Time to Put the ‘Leaf’ Back in Maple Leaf Gardens

It has a new name, a new primary tenant and has been given a makeover with a much smaller capacity. But the time has never been more appropriate for the Maple Leafs to return to the place they once called home.

Unfortunately for next season, they missed the grand opportunity.

Lost in the hype of the NHL draft weekend, and the lead-up to Wednesday’s annual Canada Day tradition that is the Free Agent Frenzy, the NHL released its 2015-16 schedule last week, with each team individually also announcing its preseason calendar in advance of the big reveal.

Along with the usual home and home sets against Buffalo, Ottawa and Detroit, the Leafs will also take on the Montreal Canadiens in a pair of exhibition tilts for the first time since the fall of 2006, with the home date occurring on Saturday night, September 26 at the Air Canada Centre. Over the weekend, the team put tickets on sale for all four games, starting at just $18 apiece. For a team nearing its centennial – next season will be the Leafs’ 99th as a franchise – and such a long, storied rivalry with the Habs, why not face off instead under the same domed roof where all the historic battles took place?

Perfect Preseason Venue

The athletic portion of Maple Leaf Gardens (MLG), or the Mattamy Athletic Centre (MAC) as it’s now known to hockey and sports fans, is owned by Ryerson University, and serves as the home of the Ryerson Rams men’s and women’s hockey teams. The facility opened in the fall of 2012 to much fanfare, immediately prior to the NHL Lockout.

(CREDIT: wyliepoon/Flickr)
(CREDIT: wyliepoon/Flickr)

Despite being a smaller venue with a capacity of 2,539 spectators, the NHL has made a habit of playing exhibition games in neutral site arenas at the junior and AHL levels. In recent years, the Leafs have even taken part in such games by playing the Philadelphia Flyers at London’s Budweiser Gardens, home of the OHL Knights.

This fall, there are no less than 10 of these contests, including the annual Kraft Hockeyville games in Colwood, B.C., (Sharks vs. Canucks) and Johnstown, Penn., (Penguins vs. Lightning) in rinks that have about 2,700 and 4,000 seats, respectively. If the NHL can go to these venues in the preseason, the Leafs shouldn’t have to lobby to play in the Gardens, especially against Montreal on a Saturday night.

Hockey World Has Re-embraced MLG, Leafs Have Not

Since MLG reopened, a number of significant hockey events, press conferences, charity games and fundraisers have taken place, while the Leafs have continued to pass on the chance to play at their former home.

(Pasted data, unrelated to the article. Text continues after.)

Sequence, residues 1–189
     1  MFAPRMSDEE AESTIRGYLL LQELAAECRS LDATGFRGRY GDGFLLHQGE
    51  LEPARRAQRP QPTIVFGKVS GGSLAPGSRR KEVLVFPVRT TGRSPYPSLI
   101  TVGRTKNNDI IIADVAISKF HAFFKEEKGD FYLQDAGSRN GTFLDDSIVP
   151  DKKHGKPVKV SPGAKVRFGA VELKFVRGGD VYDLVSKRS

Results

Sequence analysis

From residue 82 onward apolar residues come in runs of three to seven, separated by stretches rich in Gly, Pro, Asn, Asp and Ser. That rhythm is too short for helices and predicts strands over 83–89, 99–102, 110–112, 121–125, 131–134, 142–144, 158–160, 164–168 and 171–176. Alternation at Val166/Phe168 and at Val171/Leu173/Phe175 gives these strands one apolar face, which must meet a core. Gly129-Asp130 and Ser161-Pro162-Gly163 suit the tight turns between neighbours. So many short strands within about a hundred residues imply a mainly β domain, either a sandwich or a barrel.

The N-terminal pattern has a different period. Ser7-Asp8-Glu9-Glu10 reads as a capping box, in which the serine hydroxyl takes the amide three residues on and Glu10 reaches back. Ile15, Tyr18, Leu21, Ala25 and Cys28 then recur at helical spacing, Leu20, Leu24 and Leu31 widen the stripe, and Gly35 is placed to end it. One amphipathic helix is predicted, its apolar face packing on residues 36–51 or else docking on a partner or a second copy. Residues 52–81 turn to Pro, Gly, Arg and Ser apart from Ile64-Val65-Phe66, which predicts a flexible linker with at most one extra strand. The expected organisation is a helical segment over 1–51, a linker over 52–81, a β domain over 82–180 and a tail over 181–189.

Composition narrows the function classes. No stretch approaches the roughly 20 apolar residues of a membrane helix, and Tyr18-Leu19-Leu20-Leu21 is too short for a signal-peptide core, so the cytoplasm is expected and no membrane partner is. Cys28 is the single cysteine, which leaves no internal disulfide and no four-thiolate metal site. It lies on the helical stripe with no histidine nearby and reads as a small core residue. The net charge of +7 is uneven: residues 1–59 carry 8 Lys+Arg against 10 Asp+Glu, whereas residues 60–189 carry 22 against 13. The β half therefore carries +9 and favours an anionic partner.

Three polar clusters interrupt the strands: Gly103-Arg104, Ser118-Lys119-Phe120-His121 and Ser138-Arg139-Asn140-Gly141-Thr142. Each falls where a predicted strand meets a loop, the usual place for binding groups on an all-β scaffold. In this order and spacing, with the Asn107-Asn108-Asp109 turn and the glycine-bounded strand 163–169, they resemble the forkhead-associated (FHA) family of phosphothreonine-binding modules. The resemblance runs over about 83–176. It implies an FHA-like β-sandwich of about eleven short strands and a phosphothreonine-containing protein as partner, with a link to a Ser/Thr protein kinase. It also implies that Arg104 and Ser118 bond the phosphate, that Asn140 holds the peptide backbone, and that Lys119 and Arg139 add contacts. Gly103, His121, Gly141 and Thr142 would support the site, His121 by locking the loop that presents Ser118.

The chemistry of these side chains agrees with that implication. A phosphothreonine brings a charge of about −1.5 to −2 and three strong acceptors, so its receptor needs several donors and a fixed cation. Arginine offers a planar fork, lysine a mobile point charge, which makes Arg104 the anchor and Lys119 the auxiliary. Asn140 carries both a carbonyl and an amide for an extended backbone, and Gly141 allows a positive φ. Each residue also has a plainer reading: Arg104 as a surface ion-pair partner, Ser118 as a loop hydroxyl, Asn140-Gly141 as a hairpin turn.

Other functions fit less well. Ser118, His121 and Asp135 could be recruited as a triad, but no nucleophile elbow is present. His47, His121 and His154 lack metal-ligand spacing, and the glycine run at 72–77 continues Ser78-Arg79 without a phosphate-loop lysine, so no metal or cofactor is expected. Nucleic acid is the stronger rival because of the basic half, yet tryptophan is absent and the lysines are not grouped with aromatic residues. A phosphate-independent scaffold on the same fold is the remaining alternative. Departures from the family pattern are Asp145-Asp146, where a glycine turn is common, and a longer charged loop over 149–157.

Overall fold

During the lockout, the RBC Play Hockey Charity Challenge – a charity game put on by GTA natives Steven Stamkos and P.K. Subban, featuring two teams of NHL players – was held at the MAC in front of a sellout crowd. The 2013 Hockey Hall of Fame Legends Classic also took place in the venue, as did the 2015 Canadian World Junior Selection Camp games, and a recent fundraising contest between Leafs Alumni and members of the Canadian Armed Forces. It hosted the unveiling of Team Canada’s Olympic jerseys for the Sochi 2014 Olympics, and the launch of the 40th anniversary celebration of the 1972 Summit Series victory.

Most recently, it was the site of OHL Cup Final in March, where Matthew Strome, younger brother of Coyotes third overall pick Dylan Strome, and Islanders forward Ryan Strome,  scored in overtime, as the Toronto Marlboros beat the Don Mills Flyers 3-2 for the championship.

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The only Leafs-centric event involving the current organization to date was A Night with Blue and White – a fundraising gala in November 2013 hosted by the team for its fans. Otherwise, the team has barely stepped foot in the renovated arena.

Centennial Season Upcoming

Having missed their chance in 2015, the Leafs’ centennial season – and the NHL’s also for that matter – occurs in the 2016-17 campaign, and nothing would beat a Toronto-Montreal preseason game at MLG to kick off the celebrations just over a year from now. The league loves having big events involving its marquee teams and what better way to do so than with its two oldest franchises.

Maple Leaf Gardens was ignored and forgotten about for so long after it originally closed. Maybe the Leafs should stop forgetting about it, too.